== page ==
“When I tried to stop him, he got argumentative with me. He continued to walk about the property, anointing it with his sage and dropping his embers,” Shea testified.
The fire department has never officially notified their clients of any fire-safety concerns, lawyers for Occupy Boston said. The camp is home to 100 to 150 people.
The fire marshal said his department mailed two orders seeking abatement of fire hazards to Occupy Boston at their Dewey Square camp. Under cross-examination, he said the orders weren’t sent by certified mail. He said he has no official address for the group.
Howard Cooper, an Occupy Boston attorney, said First Amendment rights should outweigh concerns about potential fire hazards. The First Amendment to the U.S. Constitution guarantees the right to free speech and peaceful assembly. He said members are willing to work with the fire department to make the camp safer.
He said the fire marshal has refused to work with Occupy Boston because of its structure as a “horizontal democracy” governed by consensus through a General Assembly. It has no named leader.
“The primary value to be balanced here is free speech,” Cooper told the judge. “The question is whether you just take the First Amendment considerations that are unique response to a unique set of issues we all face yesterday and throw it out without letting them address any of these issues.”
Michael Riciutti, a lawyer for the city, said Occupy Boston has gone from being a political protest to an unsafe housing development.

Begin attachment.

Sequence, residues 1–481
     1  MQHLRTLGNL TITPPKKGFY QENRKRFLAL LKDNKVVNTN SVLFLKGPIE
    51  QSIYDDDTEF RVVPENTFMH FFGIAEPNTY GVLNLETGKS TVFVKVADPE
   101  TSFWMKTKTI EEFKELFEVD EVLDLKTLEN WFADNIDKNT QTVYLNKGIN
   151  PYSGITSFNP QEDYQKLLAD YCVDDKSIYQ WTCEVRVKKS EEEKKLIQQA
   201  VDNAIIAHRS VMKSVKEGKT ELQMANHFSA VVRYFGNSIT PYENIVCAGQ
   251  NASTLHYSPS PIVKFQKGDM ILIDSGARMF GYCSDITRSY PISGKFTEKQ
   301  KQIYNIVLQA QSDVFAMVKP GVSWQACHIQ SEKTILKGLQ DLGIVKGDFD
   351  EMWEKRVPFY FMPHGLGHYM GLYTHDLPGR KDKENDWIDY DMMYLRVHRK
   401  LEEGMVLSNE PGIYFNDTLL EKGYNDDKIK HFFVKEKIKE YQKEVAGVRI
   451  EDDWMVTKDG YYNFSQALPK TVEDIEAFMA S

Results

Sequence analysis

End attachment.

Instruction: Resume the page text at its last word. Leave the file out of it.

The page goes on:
“The plaintiffs do not have the right to take a piece of public property in perpetuity and establish their own society,” he told the judge. “They cannot choose to use a limited portion of basically public park space forever.”
Occupy Boston won a temporary restraining order on Nov. 16 blocking the city from kicking out the protesters and wants a permanent injunction. The city, while saying it has no plans to remove protesters, said it must retain the power to evict them at will.
Lawyers for the Rose Kennedy Greenway Conservancy, which oversees the park, also asked the judge not to approve an injunction.
Boston police have spent $750,000 in overtime policing the camp and responding 87 times various matters, according to an affidavit.
Occupy Boston member Kristopher Martin, 25, testified that the camp needs to remain in Dewey Square between the city’s financial district and the Federal Bank of Reserve because the location helps Occupy highlight economic and political inequality.
“We are living in an egalitarian society where everyone is equal,” he said. “We wish our country operated more like that and we want to continue spreading that message.”
The case is Occupy Boston v. City of Boston, 2011-11-4152, Suffolk Superior Court (Boston).
To contact the reporters on this story: Janelle Lawrence in Boston at firstname.lastname@example.org; Karen Gullo in San Francisco at email@example.com
To contact the editor responsible for this story: Michael Hytha at firstname.lastname@example.org